sport-graphics-2008_777596a  Sri Lanka’s Ajantha Mendis in action during the 2008 final, in which he took a stunning 6/13 to condemn India to a 100-run defeat (source –

  Virender Sehwag (60 off 36 balls) then gave a rousing start to India until ‘mystery spinner’ Ajantha Mendis arrived. Mendis removed Sehwag off his second ball and went on to rip through the Indian batting line-up as they went from 76/1 in the 10th over to 173 all out in 39.3 overs. He ended with figures of 8-1-13-6, the best ever in the Asia Cup and his bamboozling spell helped Sri Lanka romp home by 100 runs to retain the title. 

2010 – India beat Sri Lanka by 81 runs at Dambulla

  India exacted revenge on the Lankans in the latter’s home turf of the Rangiri International Stadium to win the title for the first time since 1994. A solid batting display helped the Indians reach 268/6 after MS Dhoni opted to bat. Almost everyone contributed to a certain extent, with opener Dinesh Karthik’s 66 being the highest. Karthik put on 62 with Virat Kohli and 46 with Dhoni for the second and third wickets respectively to lay a strong platform. Lasith Malinga and Thilina Kandamby bagged two wickets each.

  The Indian pace bowlers then severely dented Sri Lanka, as the hosts crashed to 51/5 in the 16th over, with the top five all dismissed and the match as good as over. Chamara Kapugedera (55) tried to revive things with a 53-run sixth wicket stand with Kandamby, but the result was never in doubt. Sri Lanka were bowled out for 187 in 44.4 overs. Ashish Nehra was the pick of the bowlers with 4/40, while Zaheer Khan and Ravindra Jadeja took two apiece.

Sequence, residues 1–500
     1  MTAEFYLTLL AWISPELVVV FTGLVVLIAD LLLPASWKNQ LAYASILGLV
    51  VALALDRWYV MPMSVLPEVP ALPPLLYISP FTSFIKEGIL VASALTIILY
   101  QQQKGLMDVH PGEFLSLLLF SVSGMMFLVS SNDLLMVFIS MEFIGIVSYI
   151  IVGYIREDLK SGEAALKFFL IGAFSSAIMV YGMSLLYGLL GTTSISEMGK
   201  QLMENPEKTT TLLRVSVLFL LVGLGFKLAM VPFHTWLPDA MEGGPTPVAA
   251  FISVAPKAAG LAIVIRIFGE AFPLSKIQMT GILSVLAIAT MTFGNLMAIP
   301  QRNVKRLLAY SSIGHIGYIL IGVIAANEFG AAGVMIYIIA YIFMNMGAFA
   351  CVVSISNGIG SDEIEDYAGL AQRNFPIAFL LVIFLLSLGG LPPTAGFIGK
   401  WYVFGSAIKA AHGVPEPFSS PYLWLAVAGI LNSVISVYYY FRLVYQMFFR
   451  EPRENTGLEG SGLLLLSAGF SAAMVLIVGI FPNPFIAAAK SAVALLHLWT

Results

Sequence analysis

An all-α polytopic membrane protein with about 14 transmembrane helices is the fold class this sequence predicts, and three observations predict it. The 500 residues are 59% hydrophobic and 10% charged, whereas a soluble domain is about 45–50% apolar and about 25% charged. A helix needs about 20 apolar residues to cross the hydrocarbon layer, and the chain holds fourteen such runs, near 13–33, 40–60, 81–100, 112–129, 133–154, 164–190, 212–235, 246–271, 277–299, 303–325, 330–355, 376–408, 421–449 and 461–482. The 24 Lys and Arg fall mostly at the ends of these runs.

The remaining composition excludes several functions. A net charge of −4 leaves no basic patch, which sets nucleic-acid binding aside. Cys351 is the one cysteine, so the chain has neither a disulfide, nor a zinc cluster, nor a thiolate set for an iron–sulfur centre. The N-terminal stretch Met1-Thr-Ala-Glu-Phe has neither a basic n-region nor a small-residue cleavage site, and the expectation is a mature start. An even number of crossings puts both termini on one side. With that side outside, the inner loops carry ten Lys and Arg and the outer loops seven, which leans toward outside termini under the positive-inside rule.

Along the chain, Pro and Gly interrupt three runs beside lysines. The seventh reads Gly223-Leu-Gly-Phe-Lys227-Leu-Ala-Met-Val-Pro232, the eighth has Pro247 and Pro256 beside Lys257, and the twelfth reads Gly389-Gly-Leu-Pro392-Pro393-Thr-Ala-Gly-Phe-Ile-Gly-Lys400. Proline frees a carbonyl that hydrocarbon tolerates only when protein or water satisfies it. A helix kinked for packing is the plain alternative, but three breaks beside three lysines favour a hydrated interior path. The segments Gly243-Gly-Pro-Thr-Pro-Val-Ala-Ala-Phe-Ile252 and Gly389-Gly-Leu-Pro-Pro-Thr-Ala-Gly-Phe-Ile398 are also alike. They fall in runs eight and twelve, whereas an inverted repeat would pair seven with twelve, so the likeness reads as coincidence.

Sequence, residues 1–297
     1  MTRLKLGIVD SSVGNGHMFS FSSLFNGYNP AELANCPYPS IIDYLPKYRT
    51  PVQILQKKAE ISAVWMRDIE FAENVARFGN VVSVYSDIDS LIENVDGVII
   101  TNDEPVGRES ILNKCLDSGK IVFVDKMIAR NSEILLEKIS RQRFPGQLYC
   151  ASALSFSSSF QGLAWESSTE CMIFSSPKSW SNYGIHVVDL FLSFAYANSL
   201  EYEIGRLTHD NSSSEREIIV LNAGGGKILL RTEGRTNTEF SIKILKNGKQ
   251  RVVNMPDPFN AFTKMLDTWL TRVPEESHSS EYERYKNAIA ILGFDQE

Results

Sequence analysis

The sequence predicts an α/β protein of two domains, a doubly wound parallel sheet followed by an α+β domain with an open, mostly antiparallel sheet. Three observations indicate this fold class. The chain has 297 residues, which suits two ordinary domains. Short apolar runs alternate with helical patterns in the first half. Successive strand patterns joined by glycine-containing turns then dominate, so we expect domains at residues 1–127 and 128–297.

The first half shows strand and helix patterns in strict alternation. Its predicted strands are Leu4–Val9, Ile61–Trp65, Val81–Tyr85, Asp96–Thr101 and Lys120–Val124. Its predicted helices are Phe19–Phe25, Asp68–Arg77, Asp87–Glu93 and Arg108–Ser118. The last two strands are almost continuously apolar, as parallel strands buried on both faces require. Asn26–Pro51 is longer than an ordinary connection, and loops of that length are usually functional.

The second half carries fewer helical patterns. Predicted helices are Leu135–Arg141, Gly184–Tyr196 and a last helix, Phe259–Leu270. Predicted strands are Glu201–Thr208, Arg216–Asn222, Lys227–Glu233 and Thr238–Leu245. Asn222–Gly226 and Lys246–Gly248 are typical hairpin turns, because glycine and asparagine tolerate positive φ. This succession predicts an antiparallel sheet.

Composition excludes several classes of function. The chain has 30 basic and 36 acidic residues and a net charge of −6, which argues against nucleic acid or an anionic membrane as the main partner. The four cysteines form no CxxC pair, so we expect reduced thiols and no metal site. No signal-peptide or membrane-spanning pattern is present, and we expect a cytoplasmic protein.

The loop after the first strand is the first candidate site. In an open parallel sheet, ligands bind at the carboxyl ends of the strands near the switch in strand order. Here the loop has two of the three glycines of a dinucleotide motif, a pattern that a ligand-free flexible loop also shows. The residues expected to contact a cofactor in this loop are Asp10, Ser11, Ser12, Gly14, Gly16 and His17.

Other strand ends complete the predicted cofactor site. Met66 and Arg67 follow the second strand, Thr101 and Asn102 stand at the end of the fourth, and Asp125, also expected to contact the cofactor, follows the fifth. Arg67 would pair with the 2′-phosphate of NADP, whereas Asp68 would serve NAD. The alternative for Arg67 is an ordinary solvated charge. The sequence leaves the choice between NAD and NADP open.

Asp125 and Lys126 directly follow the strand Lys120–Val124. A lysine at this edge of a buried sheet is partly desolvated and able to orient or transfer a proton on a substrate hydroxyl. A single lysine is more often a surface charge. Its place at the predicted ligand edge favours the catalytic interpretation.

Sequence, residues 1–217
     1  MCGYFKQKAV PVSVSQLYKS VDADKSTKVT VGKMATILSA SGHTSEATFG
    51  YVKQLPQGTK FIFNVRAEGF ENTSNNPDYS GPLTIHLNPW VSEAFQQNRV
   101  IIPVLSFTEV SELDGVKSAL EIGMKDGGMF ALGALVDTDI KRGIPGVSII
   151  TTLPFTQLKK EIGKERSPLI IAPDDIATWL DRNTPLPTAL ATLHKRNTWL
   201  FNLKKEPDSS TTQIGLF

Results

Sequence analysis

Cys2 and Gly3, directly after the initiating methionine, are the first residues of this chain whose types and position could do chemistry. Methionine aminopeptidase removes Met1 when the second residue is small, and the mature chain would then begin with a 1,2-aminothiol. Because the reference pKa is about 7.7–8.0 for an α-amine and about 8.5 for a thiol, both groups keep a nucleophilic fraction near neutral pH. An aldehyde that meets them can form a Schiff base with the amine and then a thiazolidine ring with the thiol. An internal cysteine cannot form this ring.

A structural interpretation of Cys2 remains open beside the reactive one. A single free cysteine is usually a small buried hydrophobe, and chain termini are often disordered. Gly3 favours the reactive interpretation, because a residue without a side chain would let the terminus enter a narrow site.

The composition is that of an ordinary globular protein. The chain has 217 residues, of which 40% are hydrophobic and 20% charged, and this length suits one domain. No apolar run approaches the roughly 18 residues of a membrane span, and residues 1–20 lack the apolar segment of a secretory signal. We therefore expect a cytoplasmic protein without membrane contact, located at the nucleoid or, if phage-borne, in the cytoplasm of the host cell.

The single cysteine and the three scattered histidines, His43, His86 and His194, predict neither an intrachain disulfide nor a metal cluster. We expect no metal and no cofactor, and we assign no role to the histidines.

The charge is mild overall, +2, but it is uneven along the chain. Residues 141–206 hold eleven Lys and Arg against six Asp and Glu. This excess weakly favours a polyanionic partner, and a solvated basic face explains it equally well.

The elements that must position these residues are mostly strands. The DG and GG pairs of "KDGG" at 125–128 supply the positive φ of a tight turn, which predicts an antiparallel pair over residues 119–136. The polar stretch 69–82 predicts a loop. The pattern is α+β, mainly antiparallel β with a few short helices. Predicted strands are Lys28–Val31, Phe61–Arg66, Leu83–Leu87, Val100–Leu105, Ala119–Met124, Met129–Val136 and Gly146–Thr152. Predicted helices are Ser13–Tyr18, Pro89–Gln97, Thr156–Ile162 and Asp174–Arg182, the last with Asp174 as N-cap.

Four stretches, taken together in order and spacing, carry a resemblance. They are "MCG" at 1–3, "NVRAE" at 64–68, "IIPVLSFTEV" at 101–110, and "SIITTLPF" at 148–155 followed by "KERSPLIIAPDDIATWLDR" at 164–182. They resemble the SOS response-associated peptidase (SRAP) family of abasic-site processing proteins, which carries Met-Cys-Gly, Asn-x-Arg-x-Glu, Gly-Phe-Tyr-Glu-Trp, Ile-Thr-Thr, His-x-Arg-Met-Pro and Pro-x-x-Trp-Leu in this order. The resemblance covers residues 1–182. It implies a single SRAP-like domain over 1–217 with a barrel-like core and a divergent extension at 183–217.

2011-12 – Pakistan beat Bangladesh by 2 runs at Dhaka

  This was by far the most exciting of all Asia Cup finals, played at the Sher-e-Bangla Stadium in Mirpur. Bangladesh had entered their maiden final, delighting their passionate supporters. After electing to field, the hosts made regular inroads into the Pakistani batting while keeping the run-rare tight as well. Umar Akmal and Hammad Azam added 59 for the fifth wicket to rescue their side from 70/4, but both fell for 30 each within four runs to make the score 133/6. It was wicketkeeper Sarfraz Ahmed who provided the late impetus, with an unbeaten 46 from 52 balls. Pakistan ended at 236/9, with the last wicket raising a crucial 30 runs. Abdur Razzak took 2/26.

  Bangladesh got off to a confident start but then went from 68/0 to 81/3. Tamim Iqbal scored a 68-ball 60. Nasir Hossain and Shakib Al Hasan then shared an 89-run stand for the fourth wicket to give their team the momentum. But with the required rate rising, wickets began to fall. Shakib was fifth out for a 72-ball 68. It all boiled down to the final over, to be bowled by Aizaz Cheema (3/46) with the score 228/7. With four runs to win off two balls, Cheema bowled Razzak before only one run was managed off the last ball to leave Bangladesh at 234/8, breaking the hearts of the home crowd.